(16) The theory of Bohr, Kramers and Slater (see L.Sc.D., pp. 250, 243): this theory was refuted by Compton and Simon. The refutation leads almost at once to the Heisenberg-Born- Jordan quantum mechanics.
(17) Schrodinger’s interpretation of his (and de Broglie’s) theory is refuted by the statistical interpretation of matter waves (experiments of Davisson and Germer, and of George Thomson, for instance). This leads to Bom’s statistical interpretation.
(18) Anderson’s discovery of the positron (1932) refutes a lot: the theory of two elementary particles — protons and electrons — is refuted; conservation of particles is refuted; and Dirac’s own original interpretation of his predicted positive particles (he thought they were protons) is refuted. Some theoretical work of about 1930-31 is thereby corroborated.(19) The electrical theory of matter elaborated by Einstein and Weyl, and held implicitly — and at any rate, pursued — by Einstein to the end of his life (since he interpreted the unified field theory as a theory of two fields, gravitation and electromagnetics),is refuted by the neutron and by Yukawa’s theory of nuclear forces: the Yukawa Meson. This gives rise to the theory of the nucleus.(20) The refutation of parity conservation. (See Allan Franklin, Stud. Hist. Philos. Sci. 10, 1979, p. 201.)”
Here is a beautiful excerpt from the “Ethics of Belief” of William K. Clifford which I thought I should share with you:
If a man, holding a belief which he was taught in childhood or persuaded of afterwards, keeps down and pushes away any doubts which arise about it in his mind, purposely avoids the reading of books and the company of men that call into question or discuss it, and regards as impious those questions which cannot easily be asked without disturbing it — the life of that man is one long sin against mankind….
“But,” says one, “I am a busy man; I have no time for the long course of study which would be necessary to make me in any degree a competent judge of certain questions, or even able to understand the nature of the arguments.”
Then he should have no time to believe.
He who truly believes that which prompts him to an action has looked upon the action to lust after it, he has committed it already in his heart. If a belief is not realized immediately in open deeds, it is stored up for the guidance of the future. It goes to make a part of that aggregate of beliefs which is the link between sensation and action at every moment of all our lives, and which is so organized and compacted together that no part of it can be isolated from the rest, but every new addition modifies the structure of the whole. No real belief, however trifling and fragmentary it may seem, is ever truly insignificant; it prepares us to receive more of its like, confirms those which resembled it before, and weakens others; and so gradually it lays a stealthy train in our inmost thoughts, which may someday explode into overt action, and leave its stamp upon our character for ever.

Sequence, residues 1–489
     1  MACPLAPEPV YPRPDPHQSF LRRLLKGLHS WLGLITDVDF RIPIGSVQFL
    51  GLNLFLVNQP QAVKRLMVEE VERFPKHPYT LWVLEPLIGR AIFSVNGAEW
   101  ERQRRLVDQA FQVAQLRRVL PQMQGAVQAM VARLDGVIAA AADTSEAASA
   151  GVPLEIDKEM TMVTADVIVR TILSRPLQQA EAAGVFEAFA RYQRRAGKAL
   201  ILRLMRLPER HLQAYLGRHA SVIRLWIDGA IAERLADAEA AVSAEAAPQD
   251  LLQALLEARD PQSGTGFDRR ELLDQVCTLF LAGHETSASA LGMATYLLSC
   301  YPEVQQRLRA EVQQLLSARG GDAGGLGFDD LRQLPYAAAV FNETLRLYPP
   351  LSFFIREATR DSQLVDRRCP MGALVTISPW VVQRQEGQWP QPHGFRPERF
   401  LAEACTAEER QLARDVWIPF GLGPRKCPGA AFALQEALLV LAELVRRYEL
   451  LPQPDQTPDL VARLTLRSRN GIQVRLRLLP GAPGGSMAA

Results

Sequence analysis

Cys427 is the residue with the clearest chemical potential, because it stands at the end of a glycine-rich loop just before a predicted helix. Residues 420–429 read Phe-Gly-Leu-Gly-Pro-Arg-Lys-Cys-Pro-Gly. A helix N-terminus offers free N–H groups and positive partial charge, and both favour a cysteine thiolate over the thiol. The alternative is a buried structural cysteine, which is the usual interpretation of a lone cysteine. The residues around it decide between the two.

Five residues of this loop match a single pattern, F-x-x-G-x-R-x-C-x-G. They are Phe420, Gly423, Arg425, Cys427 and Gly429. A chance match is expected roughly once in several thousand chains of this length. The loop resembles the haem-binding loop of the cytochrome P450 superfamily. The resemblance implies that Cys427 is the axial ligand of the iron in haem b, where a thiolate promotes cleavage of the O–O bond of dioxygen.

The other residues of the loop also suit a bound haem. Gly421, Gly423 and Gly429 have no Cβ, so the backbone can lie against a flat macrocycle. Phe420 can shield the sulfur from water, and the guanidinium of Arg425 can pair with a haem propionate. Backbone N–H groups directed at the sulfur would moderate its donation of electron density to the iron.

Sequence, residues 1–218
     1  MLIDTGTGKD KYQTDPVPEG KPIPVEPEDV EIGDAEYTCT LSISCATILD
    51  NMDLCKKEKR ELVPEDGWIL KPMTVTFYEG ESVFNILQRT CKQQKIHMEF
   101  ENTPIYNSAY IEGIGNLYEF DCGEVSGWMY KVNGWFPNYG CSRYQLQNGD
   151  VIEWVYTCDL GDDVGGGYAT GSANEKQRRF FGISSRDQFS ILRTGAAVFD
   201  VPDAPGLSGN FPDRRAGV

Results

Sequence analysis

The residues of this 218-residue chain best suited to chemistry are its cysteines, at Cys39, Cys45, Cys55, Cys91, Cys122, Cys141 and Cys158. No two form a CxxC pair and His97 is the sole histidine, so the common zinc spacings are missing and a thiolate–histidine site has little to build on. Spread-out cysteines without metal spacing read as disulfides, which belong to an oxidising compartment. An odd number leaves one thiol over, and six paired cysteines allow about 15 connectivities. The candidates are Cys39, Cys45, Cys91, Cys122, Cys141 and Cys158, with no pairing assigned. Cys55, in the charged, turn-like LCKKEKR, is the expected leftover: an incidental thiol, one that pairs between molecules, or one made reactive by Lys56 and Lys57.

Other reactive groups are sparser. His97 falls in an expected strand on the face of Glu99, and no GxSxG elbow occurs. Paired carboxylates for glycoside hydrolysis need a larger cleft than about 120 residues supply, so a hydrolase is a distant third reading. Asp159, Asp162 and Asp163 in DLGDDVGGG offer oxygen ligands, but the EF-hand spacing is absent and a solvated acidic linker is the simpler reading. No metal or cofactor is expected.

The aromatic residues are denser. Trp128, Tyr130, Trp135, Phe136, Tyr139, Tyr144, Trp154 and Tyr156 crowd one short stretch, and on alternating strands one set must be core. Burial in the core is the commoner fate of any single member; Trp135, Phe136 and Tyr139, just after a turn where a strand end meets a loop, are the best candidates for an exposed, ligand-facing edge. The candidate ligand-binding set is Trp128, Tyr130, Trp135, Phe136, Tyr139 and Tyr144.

“After the collapse of the Austrian Empire there had been a revolution in Austria: the air was full of revolutionary slogans and ideas, and new and often wild theories. Among the theories which interested me Einstein’s theory of relativity was no doubt by far the most important. Three others were Marx’s theory of history, Freud’s psycho-analysis, and Alfred Adler’s so-called ‘individual psychology’.
The three other theories I have mentioned were also widely discussed among students at that time. I myself happened to come into personal contact with Alfred Adler, and even to co-operate with him in his social work among the children and young people in the working-class districts of Vienna where he had established social guidance clinics. It was during the summer of 1919 that I began to feel more and more dissatisfied with these three theories-the Marxist theory of history, psychoanalysis, and individual psychology; and I began to feel dubious about their claims to scientific status. My problem perhaps first took the simple form, ‘What is wrong with Marxism, Psycho-analysis, and individual psychology? Why are they so different from physical theories, from Newton’s theory, and especially from the theory of relativity ?
David Deutsch is a physicist at the University of Oxford and the writer of the very interesting book The Fabric of Reality: Towards a Theory of Everything which I highly recommend. David Deutsch is a member of the Quantum Computation and Cryptography Research Group at the Clarendon Laboratory and he is considered to be an authority on the theory of parallel universes.